The World Health Organization recommends that per capita daily salt consumption should not exceed five grams, but average intake is between 9 and 12 grams, increasing the threat of hypertension, a major risk factor for cardiovascular disease. Food manufacturers have been under pressure to reduce salt content in their formulations, as it is estimated that 60 to 80 per cent of salt consumption comes from packaged foods rather than salt added at the table. This raises challenges in terms of functionality – as salt plays an important role as a preservative or to control the fermentation of yeast – as well as consumer acceptability.
The new study, published in the May edition of the Journal of Food Science, looked at the way saltiness and acidity interact with each other in low concentrations.
Although previous studies have examined acids as a way to enhance saltiness, the researchers chose to focus on vinegar, which has a high concentration of acetic acid, because it is already used in cooking, whereas pure acids are not.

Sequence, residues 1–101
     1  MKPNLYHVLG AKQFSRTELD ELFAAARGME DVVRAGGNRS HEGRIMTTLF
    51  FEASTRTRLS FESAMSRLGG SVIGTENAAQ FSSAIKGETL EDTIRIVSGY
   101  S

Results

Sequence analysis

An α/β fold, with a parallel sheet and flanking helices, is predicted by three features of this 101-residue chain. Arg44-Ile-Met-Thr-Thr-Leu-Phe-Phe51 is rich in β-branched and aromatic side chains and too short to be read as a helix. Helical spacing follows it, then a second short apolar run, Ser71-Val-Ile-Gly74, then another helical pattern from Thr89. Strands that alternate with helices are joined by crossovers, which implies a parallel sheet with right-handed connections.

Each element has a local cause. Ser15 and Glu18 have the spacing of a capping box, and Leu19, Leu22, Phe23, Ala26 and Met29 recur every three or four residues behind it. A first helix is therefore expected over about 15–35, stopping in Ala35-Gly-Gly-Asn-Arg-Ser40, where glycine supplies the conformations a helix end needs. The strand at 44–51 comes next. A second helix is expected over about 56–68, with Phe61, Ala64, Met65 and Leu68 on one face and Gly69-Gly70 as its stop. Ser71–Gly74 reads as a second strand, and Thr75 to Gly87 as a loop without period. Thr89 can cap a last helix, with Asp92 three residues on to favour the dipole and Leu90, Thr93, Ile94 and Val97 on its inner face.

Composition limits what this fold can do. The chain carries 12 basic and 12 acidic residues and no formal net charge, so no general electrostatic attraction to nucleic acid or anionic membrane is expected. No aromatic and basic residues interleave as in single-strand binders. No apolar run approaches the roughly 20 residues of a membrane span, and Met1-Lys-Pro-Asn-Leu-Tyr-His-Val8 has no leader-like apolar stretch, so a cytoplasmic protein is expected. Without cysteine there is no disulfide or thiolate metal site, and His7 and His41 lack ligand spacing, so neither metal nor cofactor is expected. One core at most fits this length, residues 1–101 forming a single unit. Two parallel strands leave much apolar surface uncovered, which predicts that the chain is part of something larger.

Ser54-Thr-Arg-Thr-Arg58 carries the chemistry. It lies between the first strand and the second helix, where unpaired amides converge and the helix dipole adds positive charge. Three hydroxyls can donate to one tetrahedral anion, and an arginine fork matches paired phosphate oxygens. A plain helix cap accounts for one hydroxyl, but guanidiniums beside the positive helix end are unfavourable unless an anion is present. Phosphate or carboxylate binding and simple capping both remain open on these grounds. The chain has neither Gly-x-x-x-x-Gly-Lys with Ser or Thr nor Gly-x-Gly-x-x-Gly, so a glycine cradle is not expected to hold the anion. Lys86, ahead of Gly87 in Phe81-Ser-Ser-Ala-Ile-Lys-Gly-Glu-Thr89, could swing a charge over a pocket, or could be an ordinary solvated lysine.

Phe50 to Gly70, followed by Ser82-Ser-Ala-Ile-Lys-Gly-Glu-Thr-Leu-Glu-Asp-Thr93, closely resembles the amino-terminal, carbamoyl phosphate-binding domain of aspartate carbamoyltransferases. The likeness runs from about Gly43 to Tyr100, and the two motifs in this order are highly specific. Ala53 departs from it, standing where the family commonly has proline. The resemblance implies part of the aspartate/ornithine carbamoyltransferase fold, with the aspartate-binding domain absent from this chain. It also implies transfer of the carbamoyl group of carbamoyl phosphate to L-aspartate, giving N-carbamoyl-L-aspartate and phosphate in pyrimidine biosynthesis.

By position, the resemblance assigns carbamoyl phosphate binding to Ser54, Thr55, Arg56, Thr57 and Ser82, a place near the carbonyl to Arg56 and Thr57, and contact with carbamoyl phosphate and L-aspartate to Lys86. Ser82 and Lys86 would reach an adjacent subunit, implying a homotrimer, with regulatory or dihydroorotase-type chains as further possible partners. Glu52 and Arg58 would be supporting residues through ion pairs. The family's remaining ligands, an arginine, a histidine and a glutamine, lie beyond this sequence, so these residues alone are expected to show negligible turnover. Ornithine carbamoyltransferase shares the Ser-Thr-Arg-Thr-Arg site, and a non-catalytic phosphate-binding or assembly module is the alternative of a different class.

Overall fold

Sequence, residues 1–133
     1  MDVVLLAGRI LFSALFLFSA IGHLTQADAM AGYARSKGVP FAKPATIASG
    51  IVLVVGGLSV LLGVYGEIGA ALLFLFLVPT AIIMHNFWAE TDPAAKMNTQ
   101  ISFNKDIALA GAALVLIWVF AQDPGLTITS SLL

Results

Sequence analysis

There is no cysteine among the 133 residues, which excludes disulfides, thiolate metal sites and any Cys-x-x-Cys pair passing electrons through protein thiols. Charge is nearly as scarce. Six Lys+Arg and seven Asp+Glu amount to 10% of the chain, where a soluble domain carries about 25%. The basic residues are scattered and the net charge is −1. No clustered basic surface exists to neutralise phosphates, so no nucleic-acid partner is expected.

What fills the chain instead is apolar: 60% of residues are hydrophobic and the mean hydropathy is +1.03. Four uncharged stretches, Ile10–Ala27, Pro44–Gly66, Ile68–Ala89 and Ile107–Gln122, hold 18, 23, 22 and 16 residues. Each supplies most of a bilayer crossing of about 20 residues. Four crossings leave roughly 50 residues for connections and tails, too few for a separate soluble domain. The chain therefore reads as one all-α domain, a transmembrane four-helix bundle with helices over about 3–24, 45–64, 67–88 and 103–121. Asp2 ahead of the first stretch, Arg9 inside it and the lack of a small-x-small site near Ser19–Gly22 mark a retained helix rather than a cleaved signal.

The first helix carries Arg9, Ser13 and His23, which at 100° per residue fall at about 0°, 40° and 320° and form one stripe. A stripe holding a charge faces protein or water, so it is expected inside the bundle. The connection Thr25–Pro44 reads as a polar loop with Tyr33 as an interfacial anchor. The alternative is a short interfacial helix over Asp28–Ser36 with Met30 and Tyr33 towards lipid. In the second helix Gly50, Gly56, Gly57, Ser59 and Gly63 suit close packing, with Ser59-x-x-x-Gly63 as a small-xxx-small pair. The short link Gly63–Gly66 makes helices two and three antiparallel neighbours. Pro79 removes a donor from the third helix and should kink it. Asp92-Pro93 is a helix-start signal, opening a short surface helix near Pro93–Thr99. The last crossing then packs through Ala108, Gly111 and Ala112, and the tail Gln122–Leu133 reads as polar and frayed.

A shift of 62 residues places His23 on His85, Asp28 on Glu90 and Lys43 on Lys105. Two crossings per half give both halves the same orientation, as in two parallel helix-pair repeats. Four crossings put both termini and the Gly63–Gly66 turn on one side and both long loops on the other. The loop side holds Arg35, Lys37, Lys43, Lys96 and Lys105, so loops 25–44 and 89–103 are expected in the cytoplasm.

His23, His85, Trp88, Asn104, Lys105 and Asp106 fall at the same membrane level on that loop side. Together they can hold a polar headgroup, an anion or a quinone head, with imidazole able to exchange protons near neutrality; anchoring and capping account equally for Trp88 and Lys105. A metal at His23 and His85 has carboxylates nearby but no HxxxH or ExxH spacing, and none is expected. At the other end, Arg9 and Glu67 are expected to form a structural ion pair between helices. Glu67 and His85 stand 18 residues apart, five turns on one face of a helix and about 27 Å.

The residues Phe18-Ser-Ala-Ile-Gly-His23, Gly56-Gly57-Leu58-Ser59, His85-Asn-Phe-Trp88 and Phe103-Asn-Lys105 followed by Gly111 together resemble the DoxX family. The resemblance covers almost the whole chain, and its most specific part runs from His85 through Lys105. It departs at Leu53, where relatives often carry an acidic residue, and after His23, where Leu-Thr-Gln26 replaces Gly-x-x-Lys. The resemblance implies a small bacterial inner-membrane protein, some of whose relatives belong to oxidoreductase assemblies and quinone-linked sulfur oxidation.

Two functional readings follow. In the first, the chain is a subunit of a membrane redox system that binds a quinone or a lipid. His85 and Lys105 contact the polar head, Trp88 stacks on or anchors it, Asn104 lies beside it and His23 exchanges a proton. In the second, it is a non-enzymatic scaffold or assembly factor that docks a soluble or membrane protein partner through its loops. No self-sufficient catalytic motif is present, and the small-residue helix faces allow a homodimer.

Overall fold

The researchers used a panel of 35 to 40 young female students and established their individual detection thresholds for both salt and vinegar in distilled water solutions. When vinegar was added to a salt solution at half the concentration of the detection threshold of each panelist, they found that the threshold level of salt detection was ‘reduced significantly’.
“This result strongly endorses the usual practice to substitute part of salt with vinegar to give a satisfactory salty taste in dishes,” they wrote.
The study looked at the effect of both rice vinegar and rice black vinegar on perception of saltiness and found that rice black vinegar had a more pronounced effect, most likely “because rice black vinegar contains more amino acids, thus more nitrogen than rice vinegar.”
However, contrary to previous studies, the experiment did not reveal a reverse effect: When salt was added to vinegar at half the detection threshold, there was no change in panelists’ detection levels of either component. The researchers wrote: “This is very interesting since this breaks the symmetry of the enhancement/suppression between saltiness and acidity commonly believed.”
The researchers said they also hope that their findings might help in the hunt for the elusive salty taste receptor, which is yet to be discovered, even though taste receptors for sweet, umami, sour and bitterness have reportedly been detected.
Source: Journal of Food Science
Vol. 74, No. 4, 2009, pp. 147-153
“Saltiness and Acidity: Detection and Recognition Thresholds and Their Interaction Near the Threshold”
Authors: Keiko Hatae, Fujio Takeutchi, Mariko Sakamoto, Yasushi Ogasawara, and Hirofumi Akano.